lighter. less generally such music was of a kind to be heard rather than carefully listened to. there was a IN and Handel were producing swing away from polyphony (at least in certain cases) to homophony. as does the work of some of the successors of Vivaldi. there arose changes of taste which involved corresponding changes in the style of music. a serious style evolved. while Bach their greatest works. as in the clavecin pieces of Couperin and his successor Jean Philippe Rameau (1683 to 1764). while Domenico Scarlatti's sonatas show a complete lack of interest in anything truly contra- The cantatas of Georg Philipp Telemann (1681 and Christoph Graupner (1683 to 1760) show leanings to the style galant. Pietro Locatelli (1693 to 1764) and puntaLT to 1767) which * It must be pointed out that this chapter will not deal with opera. usually known as the style galant. at the beginning of the lyth century. We have seen how. Bukofzer.CHAPTER ELEVEN THE RISE OF CLASSICISM the second quarter of the i8th century. From about 1 730 onwards there was a rather similar swing away from the contrapuntal style* to music in which the stress was on the vertical aspect rather than on the horizontal. e. Broadly speaking.g. say. of course. Besides this. essentially non-contrapuntal. work t Dr. which aimed chiefly at grace and elegance. suggests that in Scarlatti's 'the nearing classic style manifests itself openly'. Anticipations of the new style are numerous. . in Music in the Baroque Era. it required but little of the mental concentration which was needed for the appreciation of. is. a Bach concerto.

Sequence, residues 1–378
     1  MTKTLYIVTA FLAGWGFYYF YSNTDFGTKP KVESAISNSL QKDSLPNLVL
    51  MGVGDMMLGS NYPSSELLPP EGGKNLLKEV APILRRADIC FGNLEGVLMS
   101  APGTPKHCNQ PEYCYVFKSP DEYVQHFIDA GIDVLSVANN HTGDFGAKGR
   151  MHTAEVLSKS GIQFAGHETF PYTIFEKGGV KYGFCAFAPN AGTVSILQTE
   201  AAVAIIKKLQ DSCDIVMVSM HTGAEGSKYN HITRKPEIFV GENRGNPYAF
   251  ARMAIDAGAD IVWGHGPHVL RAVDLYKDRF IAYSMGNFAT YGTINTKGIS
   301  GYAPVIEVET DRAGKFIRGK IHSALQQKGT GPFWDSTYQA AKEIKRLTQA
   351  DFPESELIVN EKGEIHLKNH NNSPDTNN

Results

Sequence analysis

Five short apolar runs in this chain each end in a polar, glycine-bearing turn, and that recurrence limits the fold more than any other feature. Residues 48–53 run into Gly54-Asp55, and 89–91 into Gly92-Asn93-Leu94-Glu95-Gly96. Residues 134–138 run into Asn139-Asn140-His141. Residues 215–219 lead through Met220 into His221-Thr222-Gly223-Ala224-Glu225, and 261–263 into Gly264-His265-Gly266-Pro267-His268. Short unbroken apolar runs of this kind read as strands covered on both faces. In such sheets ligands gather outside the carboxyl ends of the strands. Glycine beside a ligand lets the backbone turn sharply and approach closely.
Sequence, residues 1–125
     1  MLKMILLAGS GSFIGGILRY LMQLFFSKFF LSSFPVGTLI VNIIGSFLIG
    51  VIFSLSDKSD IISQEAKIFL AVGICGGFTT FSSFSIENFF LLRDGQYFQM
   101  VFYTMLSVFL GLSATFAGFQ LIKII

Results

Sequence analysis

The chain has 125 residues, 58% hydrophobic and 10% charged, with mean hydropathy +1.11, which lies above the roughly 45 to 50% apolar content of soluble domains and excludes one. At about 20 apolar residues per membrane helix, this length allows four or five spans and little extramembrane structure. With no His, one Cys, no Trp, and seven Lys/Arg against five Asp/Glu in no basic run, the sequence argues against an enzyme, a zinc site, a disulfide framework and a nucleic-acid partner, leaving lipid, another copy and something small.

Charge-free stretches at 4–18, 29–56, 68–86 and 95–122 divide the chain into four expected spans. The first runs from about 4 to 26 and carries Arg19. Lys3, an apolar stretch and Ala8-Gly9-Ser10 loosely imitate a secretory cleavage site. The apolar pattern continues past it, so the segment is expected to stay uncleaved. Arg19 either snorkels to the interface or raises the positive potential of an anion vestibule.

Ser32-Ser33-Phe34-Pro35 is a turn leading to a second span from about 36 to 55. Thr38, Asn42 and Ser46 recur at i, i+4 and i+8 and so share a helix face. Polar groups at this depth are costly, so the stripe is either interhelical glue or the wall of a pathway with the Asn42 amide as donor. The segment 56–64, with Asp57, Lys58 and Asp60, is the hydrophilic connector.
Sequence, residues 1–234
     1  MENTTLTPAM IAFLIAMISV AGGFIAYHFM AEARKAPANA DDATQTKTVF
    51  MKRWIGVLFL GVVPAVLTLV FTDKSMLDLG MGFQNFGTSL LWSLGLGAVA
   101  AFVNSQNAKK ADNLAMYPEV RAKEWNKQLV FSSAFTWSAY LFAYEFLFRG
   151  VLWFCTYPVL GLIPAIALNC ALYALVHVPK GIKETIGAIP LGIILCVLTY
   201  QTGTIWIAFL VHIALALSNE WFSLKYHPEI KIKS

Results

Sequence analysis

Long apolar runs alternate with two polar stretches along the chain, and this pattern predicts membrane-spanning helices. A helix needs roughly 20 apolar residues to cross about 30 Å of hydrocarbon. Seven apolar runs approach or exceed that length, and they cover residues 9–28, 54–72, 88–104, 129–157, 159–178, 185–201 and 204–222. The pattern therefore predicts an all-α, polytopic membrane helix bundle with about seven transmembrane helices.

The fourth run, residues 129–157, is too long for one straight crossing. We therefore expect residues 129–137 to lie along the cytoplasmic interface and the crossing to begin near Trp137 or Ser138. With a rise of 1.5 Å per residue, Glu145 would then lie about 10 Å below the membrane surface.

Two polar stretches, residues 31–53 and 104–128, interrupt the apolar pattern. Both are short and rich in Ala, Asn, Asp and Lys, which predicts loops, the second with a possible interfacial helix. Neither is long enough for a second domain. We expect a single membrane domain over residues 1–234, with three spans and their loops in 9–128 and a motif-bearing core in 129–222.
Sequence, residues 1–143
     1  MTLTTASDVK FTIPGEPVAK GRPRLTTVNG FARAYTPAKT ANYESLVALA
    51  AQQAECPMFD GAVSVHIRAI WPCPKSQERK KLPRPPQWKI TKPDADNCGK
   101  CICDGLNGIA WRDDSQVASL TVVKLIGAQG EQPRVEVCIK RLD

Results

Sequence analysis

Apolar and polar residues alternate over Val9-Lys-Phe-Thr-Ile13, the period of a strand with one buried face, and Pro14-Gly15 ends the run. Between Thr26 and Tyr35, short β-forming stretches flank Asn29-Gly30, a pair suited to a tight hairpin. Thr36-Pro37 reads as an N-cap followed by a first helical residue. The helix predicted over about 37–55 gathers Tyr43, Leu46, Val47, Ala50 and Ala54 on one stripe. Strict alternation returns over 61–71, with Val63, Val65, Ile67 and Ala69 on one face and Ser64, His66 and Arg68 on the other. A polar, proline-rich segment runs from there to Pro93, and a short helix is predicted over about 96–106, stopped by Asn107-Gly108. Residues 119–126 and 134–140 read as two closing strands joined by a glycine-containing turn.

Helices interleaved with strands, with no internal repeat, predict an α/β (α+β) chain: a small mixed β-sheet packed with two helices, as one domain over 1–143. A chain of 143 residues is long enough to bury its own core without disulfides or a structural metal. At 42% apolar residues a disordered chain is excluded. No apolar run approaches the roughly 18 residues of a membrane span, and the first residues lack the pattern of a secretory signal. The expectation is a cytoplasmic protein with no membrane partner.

were laid. its place being taken by the solo sonata. His to first 1788). The new invention was exploited in Germany by who found Bach critical of his early efforts. Silbermann. not plucked. preferred his clavichord. allegro ment of the sonata drops takes first and the place. It is at this time that the foundations of the clavier sonata. though as late as 1802 some of Beethoven's sonatas were as 'for I published sichord or pianoforte*. Carl Philipp Emanuel (1714 worked on the three movement plan. and to * The ousting of the harpsichord by the piano took place in the second half of the century. the normal plan becomes that of the out. Possibly more than any of his predecessors except Scarlatti. and even indulging in experiments in recitative. This gave the player control by the fingers over gradations of tone. It is noticeable that the traditional trio sonata now falls into disuse. he shows a considerable advance on the practice of the older composers. He movements Using the 'corresponding cadence mentioned in connection with Scarlatti. the Cantor . slow.148 A CONCISE HISTORY OF MUSIC Francesco Veracini (c. he seems to have held a poor opinion of 'learned music'. In his slow movements. being distinguished from the older instrument by the fact that its strings were struck by hammers. hence the name originally used by the inventor. thus pointing the way to the true second subject group of the later. His important book The True Manner of Keyboard Performance remains a mine of information on the musical practice of his time. which were figures' also much employed by his father in suite movements. fully-developed form. he found more satisfactory. Despite his professed admiration for the works of his father. using a wide range of keys and styles. he achieved a true keyboard style. Later. 1683 to 1750). which Bach was able to try when he visited Potsdam. the most important composer being Bach's third son. quick. losing its fugal character Italian overture quick. more developed examples. By the end of the century the harpsichord was obsolescent. he gradually increased their contrast with the opening material. Thus. The piano was invented about 1709 by Cristofori in Florence. The initial slow move- movement and becoming homophonic. are basically binary.* which reached its climax in the pianoforte sonatas of Beethoven. grauicembalo (=harpsichord) col piano e forte.